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No NHL, no goals? Do or die at Olympics for score-shy USA

No NHL, no goals? Do or die at Olympics for score-shy USA

A United States line-up with no NHL players and an anemic scoring attack faces a must-win rematch against Slovakia as the Olympic men’s hockey knockout stage begins on Tuesday.

The Americans, seeking their first gold medal since 1980 and first ever off home ice, have managed only four goals in three games – only winless South Korea and Norway have scored fewer.

And while the US squad edged Slovakia 2-1 in group play, the next meeting comes in Tuesday’s qualifying playoff, with a quarterfinal berth against the unbeaten Czech Republic at stake.

“We just have to move our feet, get to the dirty areas and pay the price to score goals,” US forward Chris Bourque said.

“It’s a great opportunity for all of us, the biggest games of our lives. We’re going to leave it all on the line and hopefully the outcome goes our way.”

The American team is shorn of players from the National Hockey League, which scrapped its traditional midseason break for the Olympics in a row over costs.

However, two-time defending champion Canada are one of four teams already through to the quarter-finals. They will face either Finland or South Korea om Wednesday.

“We’re ready and we feel confident with our game,” Finland’s Sami Lepisto said. “We just have to clear in front of our net, we have to be stronger.”

Unbeaten Sweden will meet either Germany or Switzerland on Wednesday.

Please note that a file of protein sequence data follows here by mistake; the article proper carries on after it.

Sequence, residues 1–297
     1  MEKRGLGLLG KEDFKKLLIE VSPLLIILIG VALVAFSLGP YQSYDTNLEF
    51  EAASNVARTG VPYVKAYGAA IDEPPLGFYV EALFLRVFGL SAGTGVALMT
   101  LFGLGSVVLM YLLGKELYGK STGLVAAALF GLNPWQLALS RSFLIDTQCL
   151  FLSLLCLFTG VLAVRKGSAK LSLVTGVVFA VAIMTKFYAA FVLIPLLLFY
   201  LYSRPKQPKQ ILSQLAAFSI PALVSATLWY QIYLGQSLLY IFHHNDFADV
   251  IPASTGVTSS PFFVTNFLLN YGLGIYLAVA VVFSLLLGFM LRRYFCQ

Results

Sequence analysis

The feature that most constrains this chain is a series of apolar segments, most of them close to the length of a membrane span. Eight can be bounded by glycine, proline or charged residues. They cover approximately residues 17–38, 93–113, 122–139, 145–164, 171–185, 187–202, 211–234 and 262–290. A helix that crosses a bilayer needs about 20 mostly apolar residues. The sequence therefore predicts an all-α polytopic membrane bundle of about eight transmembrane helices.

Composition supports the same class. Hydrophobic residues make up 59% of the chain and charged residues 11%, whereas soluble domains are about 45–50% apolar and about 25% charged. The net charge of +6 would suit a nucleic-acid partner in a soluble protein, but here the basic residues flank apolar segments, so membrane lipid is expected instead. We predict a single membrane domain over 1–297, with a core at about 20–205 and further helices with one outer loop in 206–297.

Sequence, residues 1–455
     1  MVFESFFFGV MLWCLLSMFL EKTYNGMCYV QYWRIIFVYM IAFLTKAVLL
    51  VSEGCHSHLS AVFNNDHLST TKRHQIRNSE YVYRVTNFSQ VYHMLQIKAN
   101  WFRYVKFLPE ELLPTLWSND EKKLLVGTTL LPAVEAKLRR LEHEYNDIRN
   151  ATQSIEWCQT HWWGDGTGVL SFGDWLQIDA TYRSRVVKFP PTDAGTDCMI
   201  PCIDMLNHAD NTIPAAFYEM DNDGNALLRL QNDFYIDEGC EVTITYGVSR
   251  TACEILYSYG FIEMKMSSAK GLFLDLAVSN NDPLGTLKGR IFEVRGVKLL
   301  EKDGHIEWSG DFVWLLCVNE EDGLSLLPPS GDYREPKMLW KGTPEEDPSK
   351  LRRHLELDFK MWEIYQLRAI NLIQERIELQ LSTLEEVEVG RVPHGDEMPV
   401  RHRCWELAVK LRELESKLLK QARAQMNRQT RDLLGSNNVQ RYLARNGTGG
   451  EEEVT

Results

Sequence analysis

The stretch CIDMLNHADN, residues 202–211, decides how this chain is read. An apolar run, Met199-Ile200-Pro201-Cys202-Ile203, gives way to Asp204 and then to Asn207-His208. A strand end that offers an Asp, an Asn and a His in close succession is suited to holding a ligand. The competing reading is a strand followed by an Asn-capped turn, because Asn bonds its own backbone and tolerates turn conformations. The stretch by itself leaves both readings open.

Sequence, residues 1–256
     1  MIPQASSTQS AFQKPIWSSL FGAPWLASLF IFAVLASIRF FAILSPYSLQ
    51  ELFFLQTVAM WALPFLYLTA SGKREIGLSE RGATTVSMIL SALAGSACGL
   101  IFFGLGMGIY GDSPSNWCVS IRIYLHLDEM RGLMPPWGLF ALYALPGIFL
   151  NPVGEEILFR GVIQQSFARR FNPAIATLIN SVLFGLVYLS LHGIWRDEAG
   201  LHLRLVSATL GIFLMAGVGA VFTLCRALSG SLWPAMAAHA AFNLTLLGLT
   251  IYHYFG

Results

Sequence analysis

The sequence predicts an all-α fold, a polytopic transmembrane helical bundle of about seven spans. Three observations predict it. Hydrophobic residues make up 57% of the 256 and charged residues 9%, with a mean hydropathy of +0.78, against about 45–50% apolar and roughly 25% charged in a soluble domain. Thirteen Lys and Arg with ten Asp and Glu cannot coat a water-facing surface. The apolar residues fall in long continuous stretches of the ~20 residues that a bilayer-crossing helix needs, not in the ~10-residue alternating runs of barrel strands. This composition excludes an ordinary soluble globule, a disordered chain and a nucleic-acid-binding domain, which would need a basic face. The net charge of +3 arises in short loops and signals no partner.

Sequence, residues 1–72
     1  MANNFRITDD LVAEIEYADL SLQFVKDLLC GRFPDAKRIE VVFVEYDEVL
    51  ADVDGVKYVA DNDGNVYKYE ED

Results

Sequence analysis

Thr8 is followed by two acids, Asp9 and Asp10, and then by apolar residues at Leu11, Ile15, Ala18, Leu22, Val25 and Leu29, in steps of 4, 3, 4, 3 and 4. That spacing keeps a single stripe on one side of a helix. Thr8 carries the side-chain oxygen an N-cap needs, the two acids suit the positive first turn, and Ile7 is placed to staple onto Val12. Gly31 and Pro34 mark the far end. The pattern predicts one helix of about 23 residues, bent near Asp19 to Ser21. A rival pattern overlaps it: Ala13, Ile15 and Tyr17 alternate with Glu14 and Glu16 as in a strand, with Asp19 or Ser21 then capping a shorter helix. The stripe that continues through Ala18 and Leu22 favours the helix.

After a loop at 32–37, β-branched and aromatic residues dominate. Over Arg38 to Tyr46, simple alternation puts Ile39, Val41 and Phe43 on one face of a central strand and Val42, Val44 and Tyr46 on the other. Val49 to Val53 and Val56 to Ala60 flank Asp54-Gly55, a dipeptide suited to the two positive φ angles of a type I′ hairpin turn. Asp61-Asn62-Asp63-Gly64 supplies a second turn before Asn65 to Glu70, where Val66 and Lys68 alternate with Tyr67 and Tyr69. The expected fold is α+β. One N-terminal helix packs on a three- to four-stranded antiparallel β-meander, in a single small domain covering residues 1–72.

“We’re happy so far but if we lose the quarterfinal it will be so disappointing,” said Sweden’s Joel Lundqvist.

“Now it’s starting,” Sweden’s Patrik Zackrisson added. “Now it’s for real. Now the fun games start.”

‘Backs against the wall’

“Maybe we are a bit confident, but on paper maybe Norway is the better team,” Slovenian forward Jan Mursak said. “We’re going to have to give it all on the ice.”

US goaltender Ryan Zapolski, who made 22 saves Friday in beating Slovakia, said it might have been a blessing in diguise for the Americans not to have qualified for the last eight in the group stage.

“I think the extra game might be good for us,” he said. “We need another game to kind of learn about each other and hopefully we can use it to our advantage and get better.

“There’s more pressure now on everybody. Now it’s do or die, so our backs are against the wall like everybody else’s.”

A US team composed of top collegians, Europe-based players and US minor-leaguers is still coming together in some ways.

“It’s difficult when it’s a whole new group of guys,” Zapolski said. “When you get in the zone, it’s tough to sort out.

“We play with new linemates, guys who never played [together] before. It’s difficult to know where they’re going to be. It takes some time to learn about each other.”

It’s the win-or-go-home tension that has Czech star Martin Erat calling the quarter-finals “one of the scariest games of the Olympics. You work to get there and if you don’t win, you don’t get anything and you go home.”

It’s the same in the qualifying stage, where Swiss goalkeeper Jonas Hiller backed coach Patrick Fischer’s feeling that the team has yet to realise it’s potential.

“It’s our last chance,” Hiller said. “I hope everyone knows what’s on the line and is motivated.”


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